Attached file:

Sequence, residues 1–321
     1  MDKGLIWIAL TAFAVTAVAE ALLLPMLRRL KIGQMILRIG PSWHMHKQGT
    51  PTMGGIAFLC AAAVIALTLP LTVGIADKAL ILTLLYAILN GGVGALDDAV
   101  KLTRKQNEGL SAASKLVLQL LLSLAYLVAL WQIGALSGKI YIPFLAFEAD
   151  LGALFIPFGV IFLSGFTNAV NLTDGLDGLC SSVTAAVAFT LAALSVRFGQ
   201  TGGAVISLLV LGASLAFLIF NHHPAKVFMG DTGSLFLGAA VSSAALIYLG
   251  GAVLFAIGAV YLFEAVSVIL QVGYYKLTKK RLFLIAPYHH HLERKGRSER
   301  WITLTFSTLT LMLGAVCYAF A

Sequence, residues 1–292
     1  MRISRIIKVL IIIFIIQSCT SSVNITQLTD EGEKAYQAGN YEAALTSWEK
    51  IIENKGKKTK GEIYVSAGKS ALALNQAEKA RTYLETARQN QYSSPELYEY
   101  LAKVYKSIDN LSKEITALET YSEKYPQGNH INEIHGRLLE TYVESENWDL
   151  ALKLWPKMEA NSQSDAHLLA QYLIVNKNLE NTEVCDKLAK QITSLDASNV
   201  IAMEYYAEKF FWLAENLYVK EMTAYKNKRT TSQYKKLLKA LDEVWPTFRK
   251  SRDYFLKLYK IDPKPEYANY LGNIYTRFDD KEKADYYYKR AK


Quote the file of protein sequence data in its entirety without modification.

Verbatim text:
Sequence, residues 1–321
     1  MDKGLIWIAL TAFAVTAVAE ALLLPMLRRL KIGQMILRIG PSWHMHKQGT
    51  PTMGGIAFLC AAAVIALTLP LTVGIADKAL ILTLLYAILN GGVGALDDAV
   101  KLTRKQNEGL SAASKLVLQL LLSLAYLVAL WQIGALSGKI YIPFLAFEAD
   151  LGALFIPFGV IFLSGFTNAV NLTDGLDGLC SSVTAAVAFT LAALSVRFGQ
   201  TGGAVISLLV LGASLAFLIF NHHPAKVFMG DTGSLFLGAA VSSAALIYLG
   251  GAVLFAIGAV YLFEAVSVIL QVGYYKLTKK RLFLIAPYHH HLERKGRSER
   301  WITLTFSTLT LMLGAVCYAF A

Sequence, residues 1–292
     1  MRISRIIKVL IIIFIIQSCT SSVNITQLTD EGEKAYQAGN YEAALTSWEK
    51  IIENKGKKTK GEIYVSAGKS ALALNQAEKA RTYLETARQN QYSSPELYEY
   101  LAKVYKSIDN LSKEITALET YSEKYPQGNH INEIHGRLLE TYVESENWDL
   151  ALKLWPKMEA NSQSDAHLLA QYLIVNKNLE NTEVCDKLAK QITSLDASNV
   201  IAMEYYAEKF FWLAENLYVK EMTAYKNKRT TSQYKKLLKA LDEVWPTFRK
   251  SRDYFLKLYK IDPKPEYANY LGNIYTRFDD KEKADYYYKR AK